By Michael Ashcraft –
The “goon-mobile” or “swagger wagon” – a 1978 Chevy Beauville van that belched out blue smoke from its tailpipe – accompanied Adam Dragoon everywhere he went, from delivering hotdog carts around town in Portland to the party bus in high school.
When he got saved in his later high school years, the Beauville became the church bus, carting people and equipment for outreach and service.
“I learned how to sell hotdogs at 10 years old, slinging the mustard, Hebrew National hotdogs,” Adam says. “I inherited the van, a 1978 Chevy Beauville. It was a tank, one of those half-ton vans. That became my ride, that hunk of junk. It was glorious.”
The hunk of junk is a metaphor for Adam’s life before Jesus: weighted heavily, inefficient, roaring around, wasting resources. The heaviness on his heart started early, when his parents got divorced in Oregon during kindergarten.
“I was upset that Dad was gone and he wasn’t coming back,” Adam remembers on a Testimony Tuesday podcast on Spotify. “That definitely had a profound impact on who I was.”
Then both his grandfathers died when he was 15.
“That hit me real hard,” he acknowledges. “It was the first time I had to deal with death. I got angry at God. My mother’s father knew Jesus, so I was confident he was in Heaven. But my other grandpa was blasphemous and told dirty jokes. One of them was in Heaven, and one of them was not.
“That had a profound effect on me.”
What was a young boy supposed to do but fall in love with a cute blond at a telemarketing firm that he now realizes was a scam?
“I had to take care of the car. I had to pay insurance. I had to put gas in the tank, so I had to have a job,” he remembers of his 16th year. School was less appealing than work: he had a ready mind to learn but an unready hand for homework and barely passed his classes.
Raised in Arizona – “the Promised Land where all the California people who can’t afford California go,” Adam spent summers with his father where Grandfather Dragoon put him to work peddling hotdogs from his deli. He learned a work ethic.
During the summer when he was 14, Adam tried reading the Bible with his other grandfather but didn’t understand because he wasn’t yet born-again; the Holy Spirit was not yet upon him to teach him the meaning of the Scriptures.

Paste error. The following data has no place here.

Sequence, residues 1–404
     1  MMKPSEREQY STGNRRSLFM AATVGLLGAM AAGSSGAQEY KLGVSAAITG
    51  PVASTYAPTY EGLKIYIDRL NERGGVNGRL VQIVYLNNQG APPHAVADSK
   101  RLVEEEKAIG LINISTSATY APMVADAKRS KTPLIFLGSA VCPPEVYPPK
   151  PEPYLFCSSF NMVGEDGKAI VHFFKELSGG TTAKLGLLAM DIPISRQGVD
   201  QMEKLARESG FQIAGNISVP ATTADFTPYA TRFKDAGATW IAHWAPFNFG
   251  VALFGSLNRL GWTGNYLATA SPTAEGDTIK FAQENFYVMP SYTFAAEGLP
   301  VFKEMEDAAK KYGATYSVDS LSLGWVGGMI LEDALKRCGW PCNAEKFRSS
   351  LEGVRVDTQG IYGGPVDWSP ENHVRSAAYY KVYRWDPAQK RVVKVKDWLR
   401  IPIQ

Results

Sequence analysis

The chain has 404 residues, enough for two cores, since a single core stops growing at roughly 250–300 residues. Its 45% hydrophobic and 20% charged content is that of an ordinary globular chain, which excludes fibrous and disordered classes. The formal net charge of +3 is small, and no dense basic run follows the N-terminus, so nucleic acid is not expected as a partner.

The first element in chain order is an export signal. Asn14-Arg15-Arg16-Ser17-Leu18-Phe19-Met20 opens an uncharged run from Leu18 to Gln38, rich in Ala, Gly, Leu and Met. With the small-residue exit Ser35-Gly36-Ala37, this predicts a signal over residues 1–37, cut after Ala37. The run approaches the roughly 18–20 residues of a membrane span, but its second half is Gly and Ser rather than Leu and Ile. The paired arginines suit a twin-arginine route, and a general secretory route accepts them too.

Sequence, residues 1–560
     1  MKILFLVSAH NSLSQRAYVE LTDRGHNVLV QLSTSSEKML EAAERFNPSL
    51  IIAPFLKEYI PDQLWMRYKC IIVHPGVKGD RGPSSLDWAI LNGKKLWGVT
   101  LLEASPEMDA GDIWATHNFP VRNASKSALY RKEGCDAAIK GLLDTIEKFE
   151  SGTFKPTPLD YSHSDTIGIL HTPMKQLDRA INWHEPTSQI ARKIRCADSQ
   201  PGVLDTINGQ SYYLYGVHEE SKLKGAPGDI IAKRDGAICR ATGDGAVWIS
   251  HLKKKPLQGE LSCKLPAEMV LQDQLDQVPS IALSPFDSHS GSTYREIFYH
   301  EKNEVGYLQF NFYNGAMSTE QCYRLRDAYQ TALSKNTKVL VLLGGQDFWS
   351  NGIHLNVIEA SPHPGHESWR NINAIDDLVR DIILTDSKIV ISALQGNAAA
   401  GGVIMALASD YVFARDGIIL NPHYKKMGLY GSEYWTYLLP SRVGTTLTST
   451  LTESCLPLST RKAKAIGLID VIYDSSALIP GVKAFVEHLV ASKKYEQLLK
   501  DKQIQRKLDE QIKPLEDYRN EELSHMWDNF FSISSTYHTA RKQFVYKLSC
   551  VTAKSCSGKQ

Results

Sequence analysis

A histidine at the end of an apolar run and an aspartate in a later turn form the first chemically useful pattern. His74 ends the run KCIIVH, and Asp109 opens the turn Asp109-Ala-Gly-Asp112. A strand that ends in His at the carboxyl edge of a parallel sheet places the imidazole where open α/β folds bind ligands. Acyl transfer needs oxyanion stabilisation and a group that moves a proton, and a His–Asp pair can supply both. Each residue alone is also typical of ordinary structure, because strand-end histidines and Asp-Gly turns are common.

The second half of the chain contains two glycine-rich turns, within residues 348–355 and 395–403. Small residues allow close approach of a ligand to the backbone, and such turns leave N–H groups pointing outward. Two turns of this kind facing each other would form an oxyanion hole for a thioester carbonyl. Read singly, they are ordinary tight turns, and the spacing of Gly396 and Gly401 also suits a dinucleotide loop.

“I put some serious effort into it,” he says.
His mom took Adam and his brother to church, one of those megachurches with cushy chairs, AC flooding the room, and a youth group of 800 kids. If you asked him, Adam would have said he was a Christian.
At the same time, there were doubts. Taught in public school, he was filled with a lot of skepticism and atheistic ideas, the fodder of the public school system.
So, when one day he sat next to a glowingly pretty blonde at the telemarketing business, Adam was ripe to listen to the Gospel — from her. Taya radiated light, the light of Jesus – and she was stunning.
“One day I got brave enough to leave a note on her car: If you ever want to hang out with me, you can call me,’” he remembers. “Amazingly enough, she called me.”
The first conversation ended with him asking her to hang out on the weekend. She responded with: Today’s Wednesday, and I’m going to church. Do you want to go to church with me?
“Sure, why not?” he replied. “I like church.”
What he really liked was Taya.
Church was altogether unimpressive, he recalls. After enjoying the the luxurious megachurch with his mom, Taya’s church seemed “rinky dinky.” They had cement floors, metal folding chairs and swamp coolers that dripped and made puddles on the floor.
Adam giggled under his breath at the lack of professionalism. For their part, the church members didn’t think too much of Adam either.
It turns out that Taya was a lifelong member. Her father had helped found the church, and they looked at 16-year-old Taya as someone they needed to protect from this mysterious young man moving in on her.
“Missionary dating” was not encouraged by the Door Church in Chandler, Arizona.
“There was a lot of awkwardness at that first church service,” Adam says. “To me the church was not impressive. The eyeballs of the whole church are looking at me, ‘Who is this guy with our Taya?’”
Despite the negatives, Adam continued to go to church. “My attraction to this girl kept me there.”
The Word preached consistently will have a positive impact. After seven months, finally the message of salvation hit home. Adam understood that a mental assent was not enough to be a Christian.
“I remember having this profound moment, a thought that had never entered my brain before, that I was a sinner and my sins were going to take me to Hell if I didn’t get right with God,” he says. “I never had that thought before.”
So at 17, the young man who gave up going into the military for the dazzling eyes of a girl, also answered an altar call to accept a dazzling Savior.
From there, he grew in service and discipleship, participating in outreaches, parades, Saturday night outreach concert and drama scenes. He married Taya, and the couple responded to the call to become missionaries in Bulgaria for four years.
Today, they have two girls and pastor in Virginia Beach.
And the Beauville? Sad to say, he sold it.
“I drive a great preacher car, a 20+ old Infinity sedan,” he says. “But I identify as a pickup truck driver.”
Michael Ashcraft is also a financial professional in Los Angeles.